Dating Apps Crack Down on Romance Scammers


When it comes to fraud, it pays to be skeptical. Whether it’s a banking app or a dating app, Michael Steinbach, the head of global fraud detection at Citi and the former executive assistant director of the FBI’s National Security Branch, advises consumers to “Don’t take the call, make the call” and to keep conversations on-platform until trust has been established. In this blog post, we’ll explore the transition from “high-volume card thefts” to “more sophisticated social engineering”, how dating apps have responded to the uptick in scams, and the tension between privacy and safety for the LGBTQ community. Read on to learn more about how to protect yourself from fraud.

Transition from High-Volume Card Thefts to Social Engineering

Gone are the days of high-volume card thefts, where fraudsters would quickly obtain as much information as possible. Now, scammers are more likely to spend time conducting surveillance in order to gain the trust and confidence of their victims. This “social engineering” can be more rewarding for fraudsters, and consumers should approach interactions with a healthy amount of skepticism.

Dating App Responses to Scams

In response to the increase in scams, dating app companies have rolled out manual and AI-powered tools to spot a potential problem. Some apps use photo or video verification features that encourage users to capture images of themselves directly within the app. These are then run through machine-learning tools to try to determine the validity of the account. Additionally, apps like Grindr use machine learning to process metadata at the point of sign-up, rely on SMS phone verification, and try to spot patterns of people using the app to send messages more quickly than a real human might.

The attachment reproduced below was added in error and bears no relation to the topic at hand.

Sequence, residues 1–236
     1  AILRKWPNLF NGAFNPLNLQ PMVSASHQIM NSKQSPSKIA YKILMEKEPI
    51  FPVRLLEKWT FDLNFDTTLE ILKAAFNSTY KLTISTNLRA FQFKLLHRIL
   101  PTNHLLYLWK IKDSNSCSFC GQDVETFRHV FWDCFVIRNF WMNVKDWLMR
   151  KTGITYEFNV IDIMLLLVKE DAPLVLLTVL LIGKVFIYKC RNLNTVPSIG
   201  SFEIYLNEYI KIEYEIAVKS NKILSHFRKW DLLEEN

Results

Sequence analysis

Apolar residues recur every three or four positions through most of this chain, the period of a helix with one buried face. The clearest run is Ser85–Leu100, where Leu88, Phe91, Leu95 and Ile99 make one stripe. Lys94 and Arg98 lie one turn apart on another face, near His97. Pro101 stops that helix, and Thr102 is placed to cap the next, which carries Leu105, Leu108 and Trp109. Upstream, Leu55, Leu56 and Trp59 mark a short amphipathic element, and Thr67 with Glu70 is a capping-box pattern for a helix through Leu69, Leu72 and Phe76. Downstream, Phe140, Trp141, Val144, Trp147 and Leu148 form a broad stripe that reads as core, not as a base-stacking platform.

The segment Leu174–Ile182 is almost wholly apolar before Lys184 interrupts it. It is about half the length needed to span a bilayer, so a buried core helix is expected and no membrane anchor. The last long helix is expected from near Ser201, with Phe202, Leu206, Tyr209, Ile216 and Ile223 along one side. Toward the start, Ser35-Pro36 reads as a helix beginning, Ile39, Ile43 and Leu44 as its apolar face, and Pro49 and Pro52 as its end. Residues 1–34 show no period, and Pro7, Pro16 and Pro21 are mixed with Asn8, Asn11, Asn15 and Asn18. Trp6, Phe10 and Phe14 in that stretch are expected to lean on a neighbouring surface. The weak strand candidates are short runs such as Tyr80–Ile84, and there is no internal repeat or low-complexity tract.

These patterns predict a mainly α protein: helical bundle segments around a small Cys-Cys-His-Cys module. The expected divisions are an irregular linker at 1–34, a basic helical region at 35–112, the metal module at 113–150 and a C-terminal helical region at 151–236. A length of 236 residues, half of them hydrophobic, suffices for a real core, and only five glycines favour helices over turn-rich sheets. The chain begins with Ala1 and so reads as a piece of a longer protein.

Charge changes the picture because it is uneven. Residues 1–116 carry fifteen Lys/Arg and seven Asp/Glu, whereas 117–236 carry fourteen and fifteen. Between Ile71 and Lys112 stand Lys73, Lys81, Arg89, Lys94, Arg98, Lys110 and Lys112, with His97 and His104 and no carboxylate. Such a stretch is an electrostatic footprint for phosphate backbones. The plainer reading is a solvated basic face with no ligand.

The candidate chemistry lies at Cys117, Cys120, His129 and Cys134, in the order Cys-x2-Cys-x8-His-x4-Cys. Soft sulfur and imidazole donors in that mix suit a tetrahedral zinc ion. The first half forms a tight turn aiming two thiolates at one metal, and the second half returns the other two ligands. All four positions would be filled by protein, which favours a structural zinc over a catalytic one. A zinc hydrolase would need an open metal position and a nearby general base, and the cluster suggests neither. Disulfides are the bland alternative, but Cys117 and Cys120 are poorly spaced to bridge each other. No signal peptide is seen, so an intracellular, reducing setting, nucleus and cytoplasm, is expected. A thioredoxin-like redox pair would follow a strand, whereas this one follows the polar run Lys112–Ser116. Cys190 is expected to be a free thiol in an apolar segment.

Tension Between Privacy and Safety

For an app like Grindr, which serves predominantly men in the LGBTQ community, the tension between privacy and safety is greater than it might be on other apps. Grindr does not require a face photo of every person on their public profile because many people don’t feel comfortable having a photo of themselves publicly associated with an LGBTQ app. Additionally, Grindr encourages people to use video chat within the app itself as a way to avoid catfishing or pig-butchering scams.

Conclusion

At the end of the day, AI will only do so much when it comes to fraud prevention. Humans are both the scammers and the weak link on the other side of the scam. So, it’s important to be situationally aware and to not rely on the tool itself. To protect yourself from fraud, approach interactions with skepticism, keep conversations on-platform until trust has been established, and use video chat within the app itself to avoid catfishing or pig-butchering scams.

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